Companion Advisor: Retirement
Calculating your retirement needs
for retirement makes good sense but it is important not to be discouraged
by big numbers. When you add up the total income you will need for your
retirement, you might be surprised. Remember, this number totals your
income needs over several years of retirement.
For example, if you currently earn $40,000 a year, over ten years you
will earn $400,000. Over 20 years you will earn $800,000, a big number.
And that doesn't include any pay raises you might receive. So, retirement
planning might involve big numbers but you don't need all that money tomorrow.
If you retired today
Calculating how much you will need for your retirement is good financial
planning. Some of your expenses will go down because your children are
grown and your mortgage might be paid off. Others will go up because you
may want to travel more. A good rule of thumb is that you will need 75
per cent of your current salary to live comfortably in retirement.
The first step is to find your current salary (or combined salaries if
both you and your spouse are working) in Table 1 (below) and then circle
the corresponding number in the right hand column. This number represents
75 per cent of your current salary.
Table 1: 75 per cent of current salary
per cent of
Cars, furniture, and chocolate bars were all cheaper 20 years ago because
inflation increases prices over the years. In the future, prices will probably
be higher than they are today. Take the amount represented as 75 per cent
of current salary from Table 1 and, on from the table below, find what the
corresponding dollar amount might be when you retire, assuming an inflation
rate of three per cent a year:
Table 2. Target Retirement Income
of current salary
The resulting amount from the chart above
is your Target Retirement Income. Keep in mind however that it may be more
or less than that, depending on your lifestyle. If you work part-time, receive
a company pension, or qualify for the Canada Pension Plan, that will supplement
your income. If you have no other sources of income, you will have to rely
on your savings.
Now, how many years will you be retired? If you retire at age 65, you can
expect to live about 15 years in retirement. Multiply your Target Retirement
Income by 15 to see your total amount of retirement funds needed.
Target Retirement Income X 15=$
Remember, this is the total amount you might need over all your retirement
years and it may be a big number. However, you might also have other sources
of income and if so, they will reduce your total retirement funds needed.
Also, you will not need all this money on the day you retire. Your investments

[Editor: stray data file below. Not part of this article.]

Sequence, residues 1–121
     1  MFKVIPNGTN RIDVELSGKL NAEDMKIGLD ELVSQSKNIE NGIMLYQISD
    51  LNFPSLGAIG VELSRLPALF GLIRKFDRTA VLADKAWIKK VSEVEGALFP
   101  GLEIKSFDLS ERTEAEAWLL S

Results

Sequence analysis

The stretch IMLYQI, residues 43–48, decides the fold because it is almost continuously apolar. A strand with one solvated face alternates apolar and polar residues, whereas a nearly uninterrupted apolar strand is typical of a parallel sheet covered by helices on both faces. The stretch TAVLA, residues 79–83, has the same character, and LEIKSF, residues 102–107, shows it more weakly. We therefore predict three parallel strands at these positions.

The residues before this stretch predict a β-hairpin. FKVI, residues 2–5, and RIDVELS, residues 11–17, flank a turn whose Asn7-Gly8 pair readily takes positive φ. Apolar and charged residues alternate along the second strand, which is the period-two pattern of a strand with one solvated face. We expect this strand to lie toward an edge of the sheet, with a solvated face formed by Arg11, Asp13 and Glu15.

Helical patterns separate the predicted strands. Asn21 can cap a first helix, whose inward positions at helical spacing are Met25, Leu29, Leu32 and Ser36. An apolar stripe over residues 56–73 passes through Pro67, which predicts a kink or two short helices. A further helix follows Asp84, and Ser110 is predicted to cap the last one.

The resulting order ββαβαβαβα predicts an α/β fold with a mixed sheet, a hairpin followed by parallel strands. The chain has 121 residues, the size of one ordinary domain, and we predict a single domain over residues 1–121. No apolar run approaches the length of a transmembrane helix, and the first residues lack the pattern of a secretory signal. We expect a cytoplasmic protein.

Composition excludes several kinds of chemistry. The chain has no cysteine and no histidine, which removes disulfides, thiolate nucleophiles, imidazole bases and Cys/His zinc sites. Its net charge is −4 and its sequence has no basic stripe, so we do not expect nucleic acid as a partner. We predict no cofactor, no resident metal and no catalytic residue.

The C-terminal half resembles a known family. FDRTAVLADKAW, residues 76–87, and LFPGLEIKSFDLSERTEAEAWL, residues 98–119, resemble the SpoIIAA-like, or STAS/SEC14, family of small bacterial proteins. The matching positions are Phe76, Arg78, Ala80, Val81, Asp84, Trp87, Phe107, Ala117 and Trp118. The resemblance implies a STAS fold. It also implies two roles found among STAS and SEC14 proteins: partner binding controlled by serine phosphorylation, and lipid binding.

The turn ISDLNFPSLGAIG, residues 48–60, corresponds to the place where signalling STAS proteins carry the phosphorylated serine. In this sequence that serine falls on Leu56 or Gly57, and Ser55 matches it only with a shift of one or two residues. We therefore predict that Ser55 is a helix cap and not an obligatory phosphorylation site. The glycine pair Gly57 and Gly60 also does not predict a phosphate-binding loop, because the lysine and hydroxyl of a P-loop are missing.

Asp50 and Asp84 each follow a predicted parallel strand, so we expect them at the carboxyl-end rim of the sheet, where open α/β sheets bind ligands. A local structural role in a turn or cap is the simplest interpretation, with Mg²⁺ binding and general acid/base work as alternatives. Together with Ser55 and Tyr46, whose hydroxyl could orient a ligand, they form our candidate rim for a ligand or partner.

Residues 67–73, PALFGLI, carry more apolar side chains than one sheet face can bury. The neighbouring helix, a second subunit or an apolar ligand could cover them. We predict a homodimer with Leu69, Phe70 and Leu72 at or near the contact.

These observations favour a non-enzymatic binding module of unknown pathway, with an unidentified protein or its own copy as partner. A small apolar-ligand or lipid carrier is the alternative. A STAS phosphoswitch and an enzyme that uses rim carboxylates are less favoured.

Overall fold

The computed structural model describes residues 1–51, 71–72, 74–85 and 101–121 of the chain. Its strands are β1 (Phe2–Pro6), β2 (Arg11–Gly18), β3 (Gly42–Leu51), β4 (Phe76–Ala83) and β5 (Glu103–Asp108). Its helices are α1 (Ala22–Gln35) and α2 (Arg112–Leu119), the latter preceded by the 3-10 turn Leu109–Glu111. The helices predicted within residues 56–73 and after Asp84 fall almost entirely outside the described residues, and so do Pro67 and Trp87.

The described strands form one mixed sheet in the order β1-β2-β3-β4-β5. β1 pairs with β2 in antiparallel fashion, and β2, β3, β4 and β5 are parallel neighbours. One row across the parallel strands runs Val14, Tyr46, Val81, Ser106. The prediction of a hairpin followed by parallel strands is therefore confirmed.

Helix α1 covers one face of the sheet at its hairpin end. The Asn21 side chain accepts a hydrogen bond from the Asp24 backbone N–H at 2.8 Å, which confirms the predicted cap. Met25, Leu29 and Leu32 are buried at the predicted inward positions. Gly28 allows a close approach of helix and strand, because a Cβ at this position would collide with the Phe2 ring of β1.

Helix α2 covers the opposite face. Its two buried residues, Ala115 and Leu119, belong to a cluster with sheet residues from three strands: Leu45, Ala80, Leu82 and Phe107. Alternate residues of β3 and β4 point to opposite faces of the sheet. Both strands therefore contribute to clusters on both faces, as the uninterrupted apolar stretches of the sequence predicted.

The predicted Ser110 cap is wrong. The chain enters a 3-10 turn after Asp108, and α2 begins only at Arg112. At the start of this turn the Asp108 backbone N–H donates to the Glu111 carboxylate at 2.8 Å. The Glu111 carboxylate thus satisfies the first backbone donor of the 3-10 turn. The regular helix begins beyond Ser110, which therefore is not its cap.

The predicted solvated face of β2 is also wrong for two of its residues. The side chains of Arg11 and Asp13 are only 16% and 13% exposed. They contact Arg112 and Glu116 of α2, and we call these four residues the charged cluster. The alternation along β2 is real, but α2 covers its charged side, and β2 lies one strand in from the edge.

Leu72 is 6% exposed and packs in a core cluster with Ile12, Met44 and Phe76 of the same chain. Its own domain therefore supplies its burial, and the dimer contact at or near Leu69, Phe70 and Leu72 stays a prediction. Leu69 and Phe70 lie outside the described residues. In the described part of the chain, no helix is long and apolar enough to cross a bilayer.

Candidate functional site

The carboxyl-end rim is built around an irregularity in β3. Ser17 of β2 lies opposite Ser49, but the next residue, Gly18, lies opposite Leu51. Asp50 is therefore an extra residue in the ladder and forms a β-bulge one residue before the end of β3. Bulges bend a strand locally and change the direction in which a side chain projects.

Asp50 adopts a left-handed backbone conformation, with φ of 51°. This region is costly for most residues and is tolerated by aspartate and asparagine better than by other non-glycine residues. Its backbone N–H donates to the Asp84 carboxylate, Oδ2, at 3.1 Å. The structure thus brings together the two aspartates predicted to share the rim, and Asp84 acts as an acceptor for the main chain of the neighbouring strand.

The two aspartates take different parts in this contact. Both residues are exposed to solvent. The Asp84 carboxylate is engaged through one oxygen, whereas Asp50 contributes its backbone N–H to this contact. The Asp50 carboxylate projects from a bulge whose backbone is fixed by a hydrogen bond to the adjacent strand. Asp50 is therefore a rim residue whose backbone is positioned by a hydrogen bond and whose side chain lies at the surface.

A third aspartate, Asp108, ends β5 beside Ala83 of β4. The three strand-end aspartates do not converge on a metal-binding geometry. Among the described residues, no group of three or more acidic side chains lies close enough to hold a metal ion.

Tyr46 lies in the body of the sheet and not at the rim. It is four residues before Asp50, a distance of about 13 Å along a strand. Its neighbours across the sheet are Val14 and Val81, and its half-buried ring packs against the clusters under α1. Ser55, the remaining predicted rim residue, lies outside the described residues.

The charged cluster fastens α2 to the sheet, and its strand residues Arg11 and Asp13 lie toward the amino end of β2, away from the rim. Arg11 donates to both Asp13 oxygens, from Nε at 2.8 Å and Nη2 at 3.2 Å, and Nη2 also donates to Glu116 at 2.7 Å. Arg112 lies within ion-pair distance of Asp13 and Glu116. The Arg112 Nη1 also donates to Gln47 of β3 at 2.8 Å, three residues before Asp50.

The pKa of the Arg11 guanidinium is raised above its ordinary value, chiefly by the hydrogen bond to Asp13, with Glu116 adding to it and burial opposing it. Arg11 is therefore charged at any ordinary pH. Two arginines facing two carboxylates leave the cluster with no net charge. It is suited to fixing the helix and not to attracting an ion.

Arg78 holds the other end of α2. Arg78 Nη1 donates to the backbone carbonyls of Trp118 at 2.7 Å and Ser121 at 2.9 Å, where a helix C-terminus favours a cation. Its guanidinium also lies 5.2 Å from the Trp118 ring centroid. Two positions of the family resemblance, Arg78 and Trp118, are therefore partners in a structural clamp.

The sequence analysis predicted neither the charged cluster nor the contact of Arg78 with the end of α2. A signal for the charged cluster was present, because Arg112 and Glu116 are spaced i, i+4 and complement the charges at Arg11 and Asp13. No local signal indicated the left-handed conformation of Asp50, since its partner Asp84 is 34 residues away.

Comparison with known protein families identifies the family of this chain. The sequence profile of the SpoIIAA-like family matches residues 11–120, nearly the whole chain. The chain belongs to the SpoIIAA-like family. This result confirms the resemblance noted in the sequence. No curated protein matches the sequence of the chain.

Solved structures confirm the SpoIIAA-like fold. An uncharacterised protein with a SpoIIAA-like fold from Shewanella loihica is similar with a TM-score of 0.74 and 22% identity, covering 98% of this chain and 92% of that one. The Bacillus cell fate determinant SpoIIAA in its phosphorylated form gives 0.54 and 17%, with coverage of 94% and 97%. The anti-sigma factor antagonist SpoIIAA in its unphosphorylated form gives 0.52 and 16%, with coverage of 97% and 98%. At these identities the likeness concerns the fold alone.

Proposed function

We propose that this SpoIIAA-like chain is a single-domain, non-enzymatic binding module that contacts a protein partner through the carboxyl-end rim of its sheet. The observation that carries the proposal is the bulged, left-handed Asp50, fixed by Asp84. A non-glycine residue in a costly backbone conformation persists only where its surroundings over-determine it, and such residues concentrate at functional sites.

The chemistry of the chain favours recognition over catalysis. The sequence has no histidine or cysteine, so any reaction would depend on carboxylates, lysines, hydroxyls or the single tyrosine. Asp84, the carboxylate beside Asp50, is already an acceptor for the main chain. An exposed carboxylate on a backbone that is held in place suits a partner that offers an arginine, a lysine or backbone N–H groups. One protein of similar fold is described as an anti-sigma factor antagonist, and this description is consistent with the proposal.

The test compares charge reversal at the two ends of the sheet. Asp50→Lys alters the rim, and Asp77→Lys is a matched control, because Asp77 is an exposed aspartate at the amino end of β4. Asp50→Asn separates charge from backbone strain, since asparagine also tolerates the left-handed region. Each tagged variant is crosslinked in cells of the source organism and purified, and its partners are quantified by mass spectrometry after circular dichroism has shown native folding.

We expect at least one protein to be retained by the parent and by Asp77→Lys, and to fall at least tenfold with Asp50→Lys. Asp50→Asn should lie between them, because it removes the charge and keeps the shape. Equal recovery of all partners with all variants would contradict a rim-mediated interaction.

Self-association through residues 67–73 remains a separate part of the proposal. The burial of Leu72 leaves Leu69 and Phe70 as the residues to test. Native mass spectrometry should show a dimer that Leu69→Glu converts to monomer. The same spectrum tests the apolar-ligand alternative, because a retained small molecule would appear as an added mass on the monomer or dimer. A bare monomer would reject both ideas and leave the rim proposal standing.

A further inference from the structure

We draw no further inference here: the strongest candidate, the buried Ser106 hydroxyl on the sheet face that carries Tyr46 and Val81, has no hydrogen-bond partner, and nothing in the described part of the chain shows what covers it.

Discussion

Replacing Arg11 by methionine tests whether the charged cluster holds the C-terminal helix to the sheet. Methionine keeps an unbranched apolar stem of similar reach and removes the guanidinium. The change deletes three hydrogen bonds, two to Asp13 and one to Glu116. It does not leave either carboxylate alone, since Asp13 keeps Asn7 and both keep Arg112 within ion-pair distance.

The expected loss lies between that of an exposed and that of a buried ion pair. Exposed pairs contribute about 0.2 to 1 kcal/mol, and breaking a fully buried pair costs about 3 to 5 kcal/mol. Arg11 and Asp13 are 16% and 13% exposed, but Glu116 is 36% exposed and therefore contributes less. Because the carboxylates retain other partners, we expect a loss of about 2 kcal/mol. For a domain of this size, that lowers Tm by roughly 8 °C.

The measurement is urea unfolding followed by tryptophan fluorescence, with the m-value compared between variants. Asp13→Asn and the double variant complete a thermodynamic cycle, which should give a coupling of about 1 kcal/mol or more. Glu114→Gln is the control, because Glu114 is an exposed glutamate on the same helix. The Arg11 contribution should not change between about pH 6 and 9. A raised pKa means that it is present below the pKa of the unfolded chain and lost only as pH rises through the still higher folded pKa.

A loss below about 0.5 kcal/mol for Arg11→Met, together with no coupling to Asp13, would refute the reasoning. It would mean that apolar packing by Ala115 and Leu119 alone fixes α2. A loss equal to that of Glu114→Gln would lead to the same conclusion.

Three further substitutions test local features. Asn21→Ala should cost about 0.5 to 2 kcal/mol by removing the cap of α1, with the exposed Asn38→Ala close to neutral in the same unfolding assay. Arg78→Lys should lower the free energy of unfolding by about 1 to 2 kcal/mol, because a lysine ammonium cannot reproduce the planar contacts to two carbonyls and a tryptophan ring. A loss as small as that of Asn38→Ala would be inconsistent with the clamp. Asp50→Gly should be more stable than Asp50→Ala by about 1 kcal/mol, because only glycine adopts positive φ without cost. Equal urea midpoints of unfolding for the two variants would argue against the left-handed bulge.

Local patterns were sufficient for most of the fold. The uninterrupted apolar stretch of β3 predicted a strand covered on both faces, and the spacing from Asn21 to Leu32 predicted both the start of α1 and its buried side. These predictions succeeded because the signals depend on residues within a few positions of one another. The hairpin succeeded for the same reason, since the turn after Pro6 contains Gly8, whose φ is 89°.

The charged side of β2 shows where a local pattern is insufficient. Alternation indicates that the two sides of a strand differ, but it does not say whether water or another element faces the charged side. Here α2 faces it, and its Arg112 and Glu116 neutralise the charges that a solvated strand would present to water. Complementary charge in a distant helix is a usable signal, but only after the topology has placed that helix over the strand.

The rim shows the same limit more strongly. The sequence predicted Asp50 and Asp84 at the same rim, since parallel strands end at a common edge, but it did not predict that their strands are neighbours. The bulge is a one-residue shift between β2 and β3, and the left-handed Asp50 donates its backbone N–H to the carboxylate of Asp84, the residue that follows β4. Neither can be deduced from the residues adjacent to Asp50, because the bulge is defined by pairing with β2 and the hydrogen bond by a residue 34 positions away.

will continue to earn returns even after you retire as long as you don't
spend all your savings at once. So, even though it may be a big number,
with planning and good investments, it is possible to achieve. The most
important action you can take is to start saving even a small amount today.
The Canada Pension Plan and your present company pension plan (if you have
one) might fill part of the need. If you have a company pension, ask your
plan administrator what your benefits are expected to be when you retire.
The question is, "Where will the rest of my total retirement funds
come from?" The short answer is, "from you."
Table 3 gives you the amount you might have to invest, over various time
frames, at various rates of return. Find the amount of your total retirement
funds in the table and then see how much you would have to put away every
year (and at what rate of return) until your retirement. Remember, this
assumes you will have no other sources of income when you retire.
Total Retirement Funds Needed
Total retirement funds
Yearly investment, rate of return, and number of years until retirement
all work together to determine the value of your portfolio. You can put
away more each year, work longer and retire later, live more simply in retirement,
or make sure you are getting the maximum returns.
It's unlikely you will be able to save enough at a 6% rate of return to
fund your retirement. You will probably have to make your money grow at
a higher rate, and that means developing an investment program.
There are many ways to gather resources for retirement: savings accounts,
GICs, T-bills, stocks, and bonds are just a few, and the wise saver may
have some of each. How do they compare?
"Canadian Stocks, Bonds, Bills and Inflation: 1950-1987", a study
written by Dr. James Hatch and Dr. Robert White, compared various investments
over time. For one year periods within their time frame, stocks did not
provide significantly greater returns than bonds or T-bills. However, for
10-year periods, which included the 1987 stock market tumble, stocks outperformed
bonds and T-Bills in 29 of the 32 periods from 1950 to 1991.
If you want to go way back, historical U.S. average annual total returns
for the years from 1926 to 1996 are as follows:
Stocks (S&P 500 Index) +10.7%
Bonds (Long-Term US Government) +5.1%
Cash Reserves (US Treasury bills) +3.7%
Source: Vanguard Marketing Corporation
However, with higher returns come higher risks. Stocks and bonds can go
down as well as up. Notice that the returns given are for 10-year time periods.
Over the long term, stocks and bonds have outperformed fixed interest-rate
savings. However, there is no guarantee they will continue to do so every
year, year after year.
The most important point about planning for retirement is to start your
investment program now. It's like the old saying about planting trees:
"When is the best time to plant a tree? 25 Years ago. When is the second-best
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© 1997, Fiscal Agents Money Management Newsletter
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